Coca-Cola Has Not Finished Minting Millionaires Yet

Back when I started writing for Seeking Alpha in 2011, I noted the obvious that everyone else in the stock commentary blogosphere knows: Coca-Cola is a damn good company to own for long periods of time.

I think though, it’s entirely possible that it gets written about so much that people put up blinders to the notion of accumulating Coca-Cola stock in their portfolios now. That’s a shame, because the company is continuing to create wealth, but in a way that doesn’t necessarily make you feel as if you are the owner of a life-changing asset in the moment.

But yet, the figures continue to trickle upward: at the time I started writing about personal finance stuff, Coca-Cola was paying out $0.235 per quarter to shareholders (I’m adjusting the figures to represent the 2012 split). By 2012, that quarterly figure grew to $0.255 per share. Then, in 2013, the payout went up yet again to $0.28 quarterly. And now, here we are in 2013, and you are collecting $0.305 per share. There’s a reason you don’t see a lot of people refer to themselves as former dividend growth investors; why would you give up a company that does this, year after year?

Imagine owning something like this when you hit your mid-life stride. To get your hands on 1,000 shares of Coca-Cola stock in 2011, you would have had to write a check for between $30,000 and $35,000, depending on the price of your entry. Or, you could have been gradually accumulating your position by purchasing $150 worth of Coca-Cola every month from 2001 through 2011, and you would have gotten your hands on 1,000 shares through the combination of $18,000 worth of your own investment plus $12,000-$14,000 worth of capital appreciation on Coca-Cola’s part, as you experienced in the beverage giant’s growth as you built up your position.

Once you have an ownership position implanted, then you really start to feel as if you are building wealth by just staying alive—taking money from your job to make new investments is nice if you can do it, but it’s no longer the necessary condition to move the needle forward in your own life like it once was.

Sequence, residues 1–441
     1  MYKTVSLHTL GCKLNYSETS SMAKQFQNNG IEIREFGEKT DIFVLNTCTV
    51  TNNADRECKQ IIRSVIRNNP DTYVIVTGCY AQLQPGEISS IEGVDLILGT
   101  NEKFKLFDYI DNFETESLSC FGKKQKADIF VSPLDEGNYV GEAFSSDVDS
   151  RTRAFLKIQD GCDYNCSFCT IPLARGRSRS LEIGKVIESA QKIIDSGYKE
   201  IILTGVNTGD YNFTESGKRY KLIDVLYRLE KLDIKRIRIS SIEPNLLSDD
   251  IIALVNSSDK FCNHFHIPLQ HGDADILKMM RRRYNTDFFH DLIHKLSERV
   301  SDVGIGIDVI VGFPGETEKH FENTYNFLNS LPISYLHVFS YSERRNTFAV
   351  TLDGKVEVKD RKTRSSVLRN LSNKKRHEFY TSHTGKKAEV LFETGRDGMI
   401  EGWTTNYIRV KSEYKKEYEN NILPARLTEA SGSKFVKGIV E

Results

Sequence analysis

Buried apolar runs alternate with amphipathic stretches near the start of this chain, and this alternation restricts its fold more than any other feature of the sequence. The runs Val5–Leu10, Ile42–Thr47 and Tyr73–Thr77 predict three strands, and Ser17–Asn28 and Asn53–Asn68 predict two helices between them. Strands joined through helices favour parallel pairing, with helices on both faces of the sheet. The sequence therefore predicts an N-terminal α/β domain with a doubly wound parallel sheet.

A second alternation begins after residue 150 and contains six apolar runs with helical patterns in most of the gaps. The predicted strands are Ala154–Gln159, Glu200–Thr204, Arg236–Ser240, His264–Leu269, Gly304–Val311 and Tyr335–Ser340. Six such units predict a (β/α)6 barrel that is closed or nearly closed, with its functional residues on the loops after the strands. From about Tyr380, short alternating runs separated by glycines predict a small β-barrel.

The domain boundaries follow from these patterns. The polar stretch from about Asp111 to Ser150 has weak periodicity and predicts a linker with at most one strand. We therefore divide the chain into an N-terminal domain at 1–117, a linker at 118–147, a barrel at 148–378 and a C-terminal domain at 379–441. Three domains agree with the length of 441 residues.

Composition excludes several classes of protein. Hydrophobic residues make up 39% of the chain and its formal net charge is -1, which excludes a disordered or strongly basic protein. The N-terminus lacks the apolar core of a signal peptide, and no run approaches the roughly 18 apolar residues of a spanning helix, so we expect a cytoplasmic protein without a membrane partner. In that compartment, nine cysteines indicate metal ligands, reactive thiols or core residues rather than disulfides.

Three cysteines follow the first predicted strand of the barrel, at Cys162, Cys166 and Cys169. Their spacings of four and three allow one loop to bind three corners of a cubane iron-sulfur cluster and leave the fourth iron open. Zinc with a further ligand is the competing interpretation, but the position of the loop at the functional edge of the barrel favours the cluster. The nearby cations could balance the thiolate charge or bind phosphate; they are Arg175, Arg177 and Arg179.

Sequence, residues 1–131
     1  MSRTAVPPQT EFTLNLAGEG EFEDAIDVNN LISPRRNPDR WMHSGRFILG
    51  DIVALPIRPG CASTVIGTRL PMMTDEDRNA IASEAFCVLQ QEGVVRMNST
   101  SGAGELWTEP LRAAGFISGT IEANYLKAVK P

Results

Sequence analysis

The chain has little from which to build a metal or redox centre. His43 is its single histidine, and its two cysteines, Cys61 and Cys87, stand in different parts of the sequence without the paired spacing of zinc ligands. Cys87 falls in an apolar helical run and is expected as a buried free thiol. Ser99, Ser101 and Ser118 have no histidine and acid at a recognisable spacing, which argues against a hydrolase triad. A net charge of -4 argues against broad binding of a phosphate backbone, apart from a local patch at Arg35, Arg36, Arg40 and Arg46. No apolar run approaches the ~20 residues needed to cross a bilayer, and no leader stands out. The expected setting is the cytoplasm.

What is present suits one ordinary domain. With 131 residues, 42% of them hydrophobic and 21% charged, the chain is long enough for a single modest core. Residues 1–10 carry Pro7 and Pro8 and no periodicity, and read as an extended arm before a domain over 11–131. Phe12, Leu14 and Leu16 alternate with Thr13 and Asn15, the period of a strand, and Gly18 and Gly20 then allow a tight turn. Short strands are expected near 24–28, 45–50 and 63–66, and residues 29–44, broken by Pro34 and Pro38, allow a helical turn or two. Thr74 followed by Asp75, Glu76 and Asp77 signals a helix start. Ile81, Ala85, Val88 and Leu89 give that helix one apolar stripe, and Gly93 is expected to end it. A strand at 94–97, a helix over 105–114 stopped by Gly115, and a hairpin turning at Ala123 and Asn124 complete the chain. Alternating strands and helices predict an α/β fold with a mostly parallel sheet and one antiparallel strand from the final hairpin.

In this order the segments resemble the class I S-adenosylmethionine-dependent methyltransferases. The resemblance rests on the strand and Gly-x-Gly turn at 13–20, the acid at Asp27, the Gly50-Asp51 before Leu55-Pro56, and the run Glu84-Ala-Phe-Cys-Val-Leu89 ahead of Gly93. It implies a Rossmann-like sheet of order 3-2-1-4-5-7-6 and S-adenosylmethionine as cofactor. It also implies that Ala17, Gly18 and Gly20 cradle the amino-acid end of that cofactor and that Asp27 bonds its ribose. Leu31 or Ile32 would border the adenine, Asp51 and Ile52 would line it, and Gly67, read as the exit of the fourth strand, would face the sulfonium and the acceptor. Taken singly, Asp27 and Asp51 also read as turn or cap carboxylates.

In the case of Coca-Cola, you saw $0.94 in dividends come your way in 2011. Those $940 in cash available to you could then be plowed back into an additional 29 shares of the soda giant (Note: I am using the average price of the stock during the year to calculate the reinvestment price, so my results differ a bit from actual reality but I am building some conservatism into the calculations by assuming lump-sum reinvestment each year rather than new shares paying higher dividends each quarter, as would be the case in real life).

So now, you are armed with 1,029 shares in 2012, just in time for the dividend increase to $1.02 per share. Not only are you getting $1,020 in dividends from the 1,000 shares you initially accumulated, but those brand new 29 shares are pumping out $29.58 all their own as well, to bring your total income to $1,049.58, a 11.65% increase from a year earlier because you chose to reinvest your dividends. That’s a nice addition that doesn’t always get picked up when you hear the announcement that Coca-Cola increased its dividend 8.5% from $0.94 annually to $1.02, you get an extra three percentage points added to the top by electing to reinvest.